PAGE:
In approximately 2002, Ruben Martinez, and his son, Alex Martinez, opened a medical clinic in Calexico.
In 2009, a chiropractor, Dr. Steven Rigler, moved his practice into the clinic and examined patients who were referred to him by Ruben and Alex and were receiving workers’ compensation benefits.
Dr. Rigler did not pay rent or utilities or contribute to the salaries of clinic staff. In exchange, Rigler permitted Ruben and Alex to determine the providers to whom Dr. Rigler’s patients would be referred for ancillary medical services. These ancillary service providers compensated Ruben and Alex for the referrals, and Ruben and Alex split the referral fees evenly.
In 2010, Gonzalo Ernesto Paredes was the office administrator for an entity called Advanced Radiology, owned by Dr. Ronald Grusd. Ruben Martinez entered into an agreement with Paredes, on behalf of Dr. Grusd, through which Advanced Radiology would pay Ruben a referral fee for patients referred to Advanced Radiology for magnetic resonance imaging (MRI) scans.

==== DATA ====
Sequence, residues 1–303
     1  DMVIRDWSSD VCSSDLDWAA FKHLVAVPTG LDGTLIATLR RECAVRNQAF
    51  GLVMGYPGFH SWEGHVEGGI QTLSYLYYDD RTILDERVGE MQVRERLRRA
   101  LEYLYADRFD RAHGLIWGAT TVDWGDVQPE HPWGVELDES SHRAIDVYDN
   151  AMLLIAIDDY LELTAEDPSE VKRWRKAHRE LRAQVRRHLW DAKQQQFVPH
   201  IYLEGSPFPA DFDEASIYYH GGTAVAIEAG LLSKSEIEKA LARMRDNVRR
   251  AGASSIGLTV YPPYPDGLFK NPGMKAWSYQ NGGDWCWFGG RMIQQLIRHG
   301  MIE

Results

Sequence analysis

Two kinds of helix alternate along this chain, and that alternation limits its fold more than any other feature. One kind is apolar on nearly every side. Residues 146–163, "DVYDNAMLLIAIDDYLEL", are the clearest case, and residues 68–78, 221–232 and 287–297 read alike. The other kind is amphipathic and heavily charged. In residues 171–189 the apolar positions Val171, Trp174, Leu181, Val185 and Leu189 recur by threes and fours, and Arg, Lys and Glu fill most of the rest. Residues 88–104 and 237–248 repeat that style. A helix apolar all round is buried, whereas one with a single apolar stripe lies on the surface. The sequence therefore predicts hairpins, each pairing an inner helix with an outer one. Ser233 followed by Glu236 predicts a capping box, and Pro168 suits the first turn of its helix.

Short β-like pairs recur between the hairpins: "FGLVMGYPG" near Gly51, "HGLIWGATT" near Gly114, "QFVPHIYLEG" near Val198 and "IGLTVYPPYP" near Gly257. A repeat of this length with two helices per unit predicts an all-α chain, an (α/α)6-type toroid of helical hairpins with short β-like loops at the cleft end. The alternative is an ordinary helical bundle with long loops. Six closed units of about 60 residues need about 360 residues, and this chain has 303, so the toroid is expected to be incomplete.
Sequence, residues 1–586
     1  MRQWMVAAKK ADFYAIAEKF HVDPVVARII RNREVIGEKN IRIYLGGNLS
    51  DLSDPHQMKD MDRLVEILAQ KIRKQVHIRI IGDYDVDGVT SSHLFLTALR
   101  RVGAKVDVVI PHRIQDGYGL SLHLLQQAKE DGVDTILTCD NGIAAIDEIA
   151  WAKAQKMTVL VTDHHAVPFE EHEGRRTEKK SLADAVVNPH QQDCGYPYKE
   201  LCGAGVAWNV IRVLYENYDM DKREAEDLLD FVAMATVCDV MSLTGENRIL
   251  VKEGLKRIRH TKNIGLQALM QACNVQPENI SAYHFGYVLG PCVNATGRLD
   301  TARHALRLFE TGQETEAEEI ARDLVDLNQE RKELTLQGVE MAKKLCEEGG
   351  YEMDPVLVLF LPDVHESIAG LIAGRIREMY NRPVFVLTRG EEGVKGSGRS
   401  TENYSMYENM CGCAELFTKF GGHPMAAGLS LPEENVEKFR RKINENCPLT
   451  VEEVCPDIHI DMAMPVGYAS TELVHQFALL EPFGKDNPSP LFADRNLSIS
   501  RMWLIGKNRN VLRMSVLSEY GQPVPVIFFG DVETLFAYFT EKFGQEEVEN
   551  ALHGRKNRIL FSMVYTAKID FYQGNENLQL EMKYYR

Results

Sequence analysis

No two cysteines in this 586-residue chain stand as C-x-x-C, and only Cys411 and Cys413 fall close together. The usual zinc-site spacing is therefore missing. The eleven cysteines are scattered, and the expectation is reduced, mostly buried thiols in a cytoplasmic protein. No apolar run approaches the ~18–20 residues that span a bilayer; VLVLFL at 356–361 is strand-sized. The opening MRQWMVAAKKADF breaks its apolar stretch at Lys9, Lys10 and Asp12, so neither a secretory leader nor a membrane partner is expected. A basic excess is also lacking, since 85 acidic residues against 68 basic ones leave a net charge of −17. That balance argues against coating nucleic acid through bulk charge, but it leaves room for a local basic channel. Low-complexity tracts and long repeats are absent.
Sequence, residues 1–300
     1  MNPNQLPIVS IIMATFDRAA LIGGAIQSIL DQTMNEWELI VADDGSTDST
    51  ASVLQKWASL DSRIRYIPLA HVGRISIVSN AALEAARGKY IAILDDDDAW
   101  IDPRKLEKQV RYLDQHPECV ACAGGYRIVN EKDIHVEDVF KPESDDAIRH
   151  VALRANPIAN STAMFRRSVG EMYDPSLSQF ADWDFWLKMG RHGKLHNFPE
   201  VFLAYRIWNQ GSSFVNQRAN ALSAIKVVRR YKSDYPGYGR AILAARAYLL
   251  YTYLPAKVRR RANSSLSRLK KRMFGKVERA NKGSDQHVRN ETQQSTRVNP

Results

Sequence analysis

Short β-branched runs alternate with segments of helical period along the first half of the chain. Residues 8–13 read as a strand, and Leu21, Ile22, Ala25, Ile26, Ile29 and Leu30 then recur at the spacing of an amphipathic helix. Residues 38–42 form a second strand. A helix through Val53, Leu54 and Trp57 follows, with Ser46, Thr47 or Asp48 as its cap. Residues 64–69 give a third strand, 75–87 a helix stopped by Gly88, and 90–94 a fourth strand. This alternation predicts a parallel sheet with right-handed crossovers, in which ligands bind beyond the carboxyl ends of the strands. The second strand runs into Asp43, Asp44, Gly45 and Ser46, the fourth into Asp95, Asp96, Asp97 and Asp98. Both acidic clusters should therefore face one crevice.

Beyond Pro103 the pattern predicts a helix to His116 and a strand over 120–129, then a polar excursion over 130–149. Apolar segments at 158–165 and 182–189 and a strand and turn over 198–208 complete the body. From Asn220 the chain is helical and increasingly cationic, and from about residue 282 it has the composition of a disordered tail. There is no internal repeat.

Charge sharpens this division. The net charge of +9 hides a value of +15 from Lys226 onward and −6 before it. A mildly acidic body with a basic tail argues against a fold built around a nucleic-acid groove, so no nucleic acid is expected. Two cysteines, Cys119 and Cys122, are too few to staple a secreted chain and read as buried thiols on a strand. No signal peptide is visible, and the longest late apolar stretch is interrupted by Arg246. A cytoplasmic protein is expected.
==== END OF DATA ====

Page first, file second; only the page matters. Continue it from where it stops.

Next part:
Thereafter, Paredes implemented the agreement with Ruben by, among other activities, receiving invoices from Ruben for patient referral fees and arranging payment of those fees to Ruben.
Paredes and Grusd were tried in federal court in 2017. Grusd was found guilty on all 42 counts that went to the jury. The jury hung on the counts against Paredes. The federal case against Paredes was subsequently dismissed by the government, without prejudice, pending his trial on state charges.
A jury in the state court trial found Paredes guilty of 35 counts of offering or delivering compensation for workers’ compensation patient referrals and 16 counts of concealing an event affecting an insurance claim.
The trial court sentenced Paredes to an aggregate term of five years in prison.
On appeal, Paredes claims that the prosecutor committed misconduct during his examination of one of the witnesses and during closing argument by suggesting the existence of facts not in evidence. Paredes also maintains that the trial court erred in excluding, as hearsay, an unavailable witness’s testimony from a prior federal trial. Finally, Paredes contends that there is insufficient evidence to support the verdicts.
The Court of Appeal affirmed the conviction in the unpublished case of People v. Gonzalo Ernesto Paredes.
The appellate court rejected his arguments one by one, and concluded that there was substantial evidence supporting his conviction.